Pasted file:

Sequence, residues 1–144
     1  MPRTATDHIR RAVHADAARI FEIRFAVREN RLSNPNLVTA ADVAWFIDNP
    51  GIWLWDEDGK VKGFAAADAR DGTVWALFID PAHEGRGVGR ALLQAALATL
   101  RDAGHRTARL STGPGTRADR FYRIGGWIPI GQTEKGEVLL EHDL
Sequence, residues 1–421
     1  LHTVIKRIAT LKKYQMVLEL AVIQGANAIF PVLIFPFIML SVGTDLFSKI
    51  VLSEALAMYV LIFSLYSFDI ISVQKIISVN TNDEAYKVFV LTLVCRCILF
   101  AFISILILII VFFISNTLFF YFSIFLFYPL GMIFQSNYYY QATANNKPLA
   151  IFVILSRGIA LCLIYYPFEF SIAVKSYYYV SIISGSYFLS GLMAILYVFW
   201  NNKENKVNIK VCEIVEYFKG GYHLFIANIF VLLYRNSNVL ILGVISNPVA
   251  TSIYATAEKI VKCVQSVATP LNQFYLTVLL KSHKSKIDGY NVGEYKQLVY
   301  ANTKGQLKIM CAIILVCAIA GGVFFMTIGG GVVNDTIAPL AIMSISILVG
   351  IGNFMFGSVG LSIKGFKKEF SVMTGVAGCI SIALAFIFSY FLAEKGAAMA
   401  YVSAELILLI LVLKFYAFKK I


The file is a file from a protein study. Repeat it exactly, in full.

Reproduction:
Sequence, residues 1–144
     1  MPRTATDHIR RAVHADAARI FEIRFAVREN RLSNPNLVTA ADVAWFIDNP
    51  GIWLWDEDGK VKGFAAADAR DGTVWALFID PAHEGRGVGR ALLQAALATL
   101  RDAGHRTARL STGPGTRADR FYRIGGWIPI GQTEKGEVLL EHDL
Sequence, residues 1–421
     1  LHTVIKRIAT LKKYQMVLEL AVIQGANAIF PVLIFPFIML SVGTDLFSKI
    51  VLSEALAMYV LIFSLYSFDI ISVQKIISVN TNDEAYKVFV LTLVCRCILF
   101  AFISILILII VFFISNTLFF YFSIFLFYPL GMIFQSNYYY QATANNKPLA
   151  IFVILSRGIA LCLIYYPFEF SIAVKSYYYV SIISGSYFLS GLMAILYVFW
   201  NNKENKVNIK VCEIVEYFKG GYHLFIANIF VLLYRNSNVL ILGVISNPVA
   251  TSIYATAEKI VKCVQSVATP LNQFYLTVLL KSHKSKIDGY NVGEYKQLVY
   301  ANTKGQLKIM CAIILVCAIA GGVFFMTIGG GVVNDTIAPL AIMSISILVG
   351  IGNFMFGSVG LSIKGFKKEF SVMTGVAGCI SIALAFIFSY FLAEKGAAMA
   401  YVSAELILLI LVLKFYAFKK I